Butler tap danced around a question about the recent Davenport study of the TCSD debt that revealed there was no investigation into the wildly optimistic annual growth assumptions used to justify the bond issue. He said that Goochland supervisors are part-time and they must depend on the recommendations of their advisors. Butler said those advisors told the supervisors that if the county got $10 million worth of growth every year the debt would work out.
One Butler supporter implied that the TCSD fell apart because Motorola never built a proposed computer chip plant in West Creek. The county knew that Motorola was not coming at least two years before the TCSD was created.
Minnick, who lives in the TCSD and pays both ever escalating water and sewer charges as well as the ad valorem tax, said that his campaign is about new ideas to solve the problems facing Goochland,.
He said that the supervisors must work harder to bring the county together to address its problems.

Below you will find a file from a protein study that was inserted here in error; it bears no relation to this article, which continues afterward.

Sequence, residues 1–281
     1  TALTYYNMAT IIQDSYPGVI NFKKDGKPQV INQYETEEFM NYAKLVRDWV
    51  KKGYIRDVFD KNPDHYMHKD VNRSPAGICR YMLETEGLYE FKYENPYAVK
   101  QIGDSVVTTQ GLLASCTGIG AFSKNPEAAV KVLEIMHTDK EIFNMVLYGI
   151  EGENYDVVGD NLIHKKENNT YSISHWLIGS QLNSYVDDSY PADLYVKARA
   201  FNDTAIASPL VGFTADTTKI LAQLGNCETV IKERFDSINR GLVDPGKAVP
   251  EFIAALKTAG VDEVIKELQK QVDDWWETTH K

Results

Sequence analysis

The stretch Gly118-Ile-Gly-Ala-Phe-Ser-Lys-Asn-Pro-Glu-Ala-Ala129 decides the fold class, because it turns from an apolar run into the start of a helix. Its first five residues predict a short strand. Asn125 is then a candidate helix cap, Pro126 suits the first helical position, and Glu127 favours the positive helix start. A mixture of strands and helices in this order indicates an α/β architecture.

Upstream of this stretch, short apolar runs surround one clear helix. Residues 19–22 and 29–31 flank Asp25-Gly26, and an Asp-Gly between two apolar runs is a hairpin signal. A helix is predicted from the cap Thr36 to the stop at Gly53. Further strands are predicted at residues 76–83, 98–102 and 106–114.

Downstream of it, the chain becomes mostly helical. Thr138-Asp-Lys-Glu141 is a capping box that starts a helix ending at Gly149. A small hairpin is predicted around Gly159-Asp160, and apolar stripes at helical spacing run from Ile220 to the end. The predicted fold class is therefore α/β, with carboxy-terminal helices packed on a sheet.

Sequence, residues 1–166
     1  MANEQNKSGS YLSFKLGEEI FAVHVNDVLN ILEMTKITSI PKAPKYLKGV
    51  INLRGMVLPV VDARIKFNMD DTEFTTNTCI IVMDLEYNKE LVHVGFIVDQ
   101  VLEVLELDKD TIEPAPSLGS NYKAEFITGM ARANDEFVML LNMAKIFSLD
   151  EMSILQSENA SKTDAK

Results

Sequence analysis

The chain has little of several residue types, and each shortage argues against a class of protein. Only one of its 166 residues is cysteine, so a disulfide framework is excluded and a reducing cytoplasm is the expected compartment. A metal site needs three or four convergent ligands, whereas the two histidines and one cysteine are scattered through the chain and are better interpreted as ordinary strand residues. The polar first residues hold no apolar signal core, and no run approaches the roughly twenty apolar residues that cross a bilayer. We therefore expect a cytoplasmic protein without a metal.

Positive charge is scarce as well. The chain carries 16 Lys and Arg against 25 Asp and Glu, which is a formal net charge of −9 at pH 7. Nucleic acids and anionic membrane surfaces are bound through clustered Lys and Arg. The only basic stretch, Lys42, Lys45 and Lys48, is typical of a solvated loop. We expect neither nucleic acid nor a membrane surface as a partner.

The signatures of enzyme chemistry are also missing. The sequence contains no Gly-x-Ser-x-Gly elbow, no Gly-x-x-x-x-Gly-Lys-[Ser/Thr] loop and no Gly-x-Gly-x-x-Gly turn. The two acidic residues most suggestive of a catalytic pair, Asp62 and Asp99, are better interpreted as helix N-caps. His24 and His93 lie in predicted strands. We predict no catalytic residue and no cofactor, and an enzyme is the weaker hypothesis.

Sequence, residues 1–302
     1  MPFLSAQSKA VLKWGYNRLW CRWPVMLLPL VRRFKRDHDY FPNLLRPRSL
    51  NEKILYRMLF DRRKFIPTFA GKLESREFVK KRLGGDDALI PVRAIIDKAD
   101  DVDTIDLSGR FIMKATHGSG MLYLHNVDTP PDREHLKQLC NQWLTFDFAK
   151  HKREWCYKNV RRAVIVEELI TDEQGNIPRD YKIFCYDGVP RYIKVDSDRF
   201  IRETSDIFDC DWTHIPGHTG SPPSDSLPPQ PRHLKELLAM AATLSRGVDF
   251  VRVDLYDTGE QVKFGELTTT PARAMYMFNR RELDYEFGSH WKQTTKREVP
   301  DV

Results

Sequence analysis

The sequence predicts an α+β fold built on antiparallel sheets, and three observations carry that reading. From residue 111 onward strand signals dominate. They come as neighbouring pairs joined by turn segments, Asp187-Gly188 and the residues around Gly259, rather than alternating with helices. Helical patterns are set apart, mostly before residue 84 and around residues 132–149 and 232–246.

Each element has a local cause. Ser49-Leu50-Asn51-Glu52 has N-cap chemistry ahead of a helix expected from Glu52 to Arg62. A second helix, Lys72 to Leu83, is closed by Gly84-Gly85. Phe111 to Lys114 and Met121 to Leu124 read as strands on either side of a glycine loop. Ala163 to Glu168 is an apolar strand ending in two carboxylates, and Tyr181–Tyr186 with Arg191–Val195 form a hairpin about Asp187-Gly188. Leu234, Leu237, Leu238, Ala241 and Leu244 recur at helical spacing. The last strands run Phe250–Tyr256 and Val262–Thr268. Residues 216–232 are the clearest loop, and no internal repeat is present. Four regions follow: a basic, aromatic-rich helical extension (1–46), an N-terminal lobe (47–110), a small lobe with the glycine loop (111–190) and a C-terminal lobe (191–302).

Minnick also opposed the UDA proposals for Goochland. He said that he cannot reconcile the term urban as applied to a rural community.
Minnick supports vigorous efforts to bring economic development to the TCSD by hiring a competent economic development director and being more proactive to ensure that Goochland has a seat at the regional development table. He said that the county must pursue all possible opportunities to increase the tax base.
He believes that the county must work harder to bring broadband access to all citizens by creating an environment that would attract them. He too was a bit light on details.
Minnick contended that, because the TCSD debt, which he said is around $167 million, was secured in part by the moral obligation of Goochland County, everyone “is on the hook” for that debt regardless of which district they call home. He opposes a tax increase to pay the debt, but believes that the county cannot continue to ignore the problem.
The District 4 school board seat is open.
School board candidates Beth Hardy and Phil Davis gave presentations that were textbook lessons in civics at its best. Both of these fine citizens made it clear that they are very troubled about the lack of leadership and transparency exhibited by the incumbent school board.